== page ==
Maureen Beck was born without a left hand and forearm. You would have never guessed it though if you had seen her grow up just outside the Acadia National Park in Maine, USA. Her parents treated her like they did her siblings. When everyone went canoeing, so did Maureen, except that she taped the paddle to her prosthetic arm in order to move through the water. She says that her family’s positivity gave her the confidence to try anything. At school, Maureen, or ‘Mo’, refused to sit out during sport and tried out for everything, devising new ways to play on account of her arm. The one time she was sent to a camp for differently-abled kids, she absolutely hated it because she didn’t like others feeling sorry for her. She never went again.
Her real passion though was for rock climbing. She participated in the sport in girl scout camp, and it soon became her No. 1 activity. After graduating from college, she took up ice climbing. She had decided to attach a Trango ice tool to her prosthetic to climb but was wondering if anyone had ever tried it. So she posted a question on a rock climbing website and the answer she got back surprised her. Trango’s founder, Malcolm Daly replied that it was okay to attach the tool, but if something should go wrong, she could not sue Trango. He also mentioned that he climbed too, and did not have a lower right leg. This was the first time that Maureen had connected with other climbers who were also differently-abled and she was thrilled.
Daly then asked her if she would like to attend the Gimps on Ice event in Ouray, Colorado. It was an ice-climbing event undertaken by Paradox Sports, an organisation that promotes and helps people with disabilities to engage with rock climbing. Maureen jumped at this opportunity, and it was a life-changing experience. At Gimps on Ice, there were people with all kinds of disabilities who had one thing in common besides their disabilities – they were athletes. She found this very inspirational and in 2012, she moved to Boulder, Colorado and became a part of the climbing community with Paradox. She loved it here because here, no one was excluded. Everyone was there because they loved climbing. That’s all.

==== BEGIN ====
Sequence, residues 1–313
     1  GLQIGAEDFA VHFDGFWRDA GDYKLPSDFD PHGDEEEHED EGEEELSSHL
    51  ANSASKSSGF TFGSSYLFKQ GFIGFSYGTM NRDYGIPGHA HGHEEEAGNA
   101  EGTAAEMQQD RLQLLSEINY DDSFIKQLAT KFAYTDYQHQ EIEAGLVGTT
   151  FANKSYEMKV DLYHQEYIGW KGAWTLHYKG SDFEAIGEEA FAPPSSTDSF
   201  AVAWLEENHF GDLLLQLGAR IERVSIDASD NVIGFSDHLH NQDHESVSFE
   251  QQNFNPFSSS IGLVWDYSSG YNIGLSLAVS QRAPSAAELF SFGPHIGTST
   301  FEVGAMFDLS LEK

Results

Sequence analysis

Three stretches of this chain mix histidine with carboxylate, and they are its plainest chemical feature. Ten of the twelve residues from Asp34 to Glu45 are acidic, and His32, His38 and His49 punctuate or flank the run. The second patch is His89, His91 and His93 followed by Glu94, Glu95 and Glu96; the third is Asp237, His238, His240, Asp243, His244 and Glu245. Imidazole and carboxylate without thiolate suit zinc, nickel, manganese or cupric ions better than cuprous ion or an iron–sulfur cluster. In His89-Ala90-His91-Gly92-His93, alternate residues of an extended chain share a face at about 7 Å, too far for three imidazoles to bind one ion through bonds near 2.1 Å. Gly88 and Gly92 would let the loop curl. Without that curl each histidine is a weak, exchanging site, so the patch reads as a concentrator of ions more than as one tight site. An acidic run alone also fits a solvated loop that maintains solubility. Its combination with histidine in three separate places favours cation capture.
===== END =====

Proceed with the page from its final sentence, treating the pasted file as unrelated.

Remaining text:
In 2013, she competed with others from the community in the GoPro Mountain Games, in their first adaptive climbing category. When she didn’t win a medal, she was upset but used her disappointment to train harder. In 2014 at the first-ever adaptive climbing national championships, she did win and qualified to go to the World Championships in Spain where she became the first American woman to win an International Federation of Sports Climbing (IFSC) Paraclimbing World Championship. She defended this title in 2016 in France. In 2018, she came third, but this time when she lost, she was not disheartened. Mo realised that she had lost because now there were more people taking part in the category and for her, this growth in the sport amongst others like her was more important than winning.
Besides competing, Maureen says she has a long list of things she wants to accomplish. She wants to ‘explode’ disabled people’s interest and involvement in climbing and to take this idea further, she is now the chair of the paraclimbing committee for USA Climbing. She is also an instructor and Ambassador for Paradox Sports, conducting workshops and training across the nation on the many different aspects of climbing for the disabled.
Maureen was featured in an award-winning documentary, ‘Stumped’. In it, she says, “People look at me say, ‘Wow, you’re climbing with one arm.’ They’re like, ‘Now I have no excuses.'” Then, she adds, “You never had an excuse in the first place.”
Now, that’s something worth thinking about.
Here’s a clip from ‘Stumped’.
Adapted from a National Geographic article by Pereena Lamba. Pereena is a freelance writer, editor and creative consultant. She is also co-author of Totally Mumbai.